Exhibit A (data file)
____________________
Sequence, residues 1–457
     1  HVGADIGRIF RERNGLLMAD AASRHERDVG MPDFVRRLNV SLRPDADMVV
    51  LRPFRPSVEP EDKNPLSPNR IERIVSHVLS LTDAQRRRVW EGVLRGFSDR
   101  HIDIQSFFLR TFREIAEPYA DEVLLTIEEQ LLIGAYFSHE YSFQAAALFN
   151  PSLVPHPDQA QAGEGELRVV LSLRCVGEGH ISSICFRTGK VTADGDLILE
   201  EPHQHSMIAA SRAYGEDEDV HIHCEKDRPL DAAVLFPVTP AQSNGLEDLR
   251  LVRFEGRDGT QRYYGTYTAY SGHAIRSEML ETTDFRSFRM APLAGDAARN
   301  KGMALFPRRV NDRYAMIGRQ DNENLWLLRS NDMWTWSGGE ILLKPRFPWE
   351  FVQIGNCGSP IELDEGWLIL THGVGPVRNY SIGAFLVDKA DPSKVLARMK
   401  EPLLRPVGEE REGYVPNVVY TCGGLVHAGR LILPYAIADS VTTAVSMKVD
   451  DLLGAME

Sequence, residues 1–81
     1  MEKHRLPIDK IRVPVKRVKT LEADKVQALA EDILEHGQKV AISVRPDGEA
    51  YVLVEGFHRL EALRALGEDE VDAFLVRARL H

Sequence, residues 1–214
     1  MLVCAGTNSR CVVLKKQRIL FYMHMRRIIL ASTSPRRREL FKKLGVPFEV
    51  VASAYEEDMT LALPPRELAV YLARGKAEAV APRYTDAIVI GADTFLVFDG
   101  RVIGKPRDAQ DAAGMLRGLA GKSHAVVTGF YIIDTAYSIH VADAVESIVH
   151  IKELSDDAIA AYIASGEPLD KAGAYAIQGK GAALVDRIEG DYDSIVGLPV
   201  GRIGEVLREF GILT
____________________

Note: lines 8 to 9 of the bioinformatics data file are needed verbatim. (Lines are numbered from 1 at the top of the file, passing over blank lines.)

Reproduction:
   301  KGMALFPRRV NDRYAMIGRQ DNENLWLLRS NDMWTWSGGE ILLKPRFPWE
   351  FVQIGNCGSP IELDEGWLIL THGVGPVRNY SIGAFLVDKA DPSKVLARMK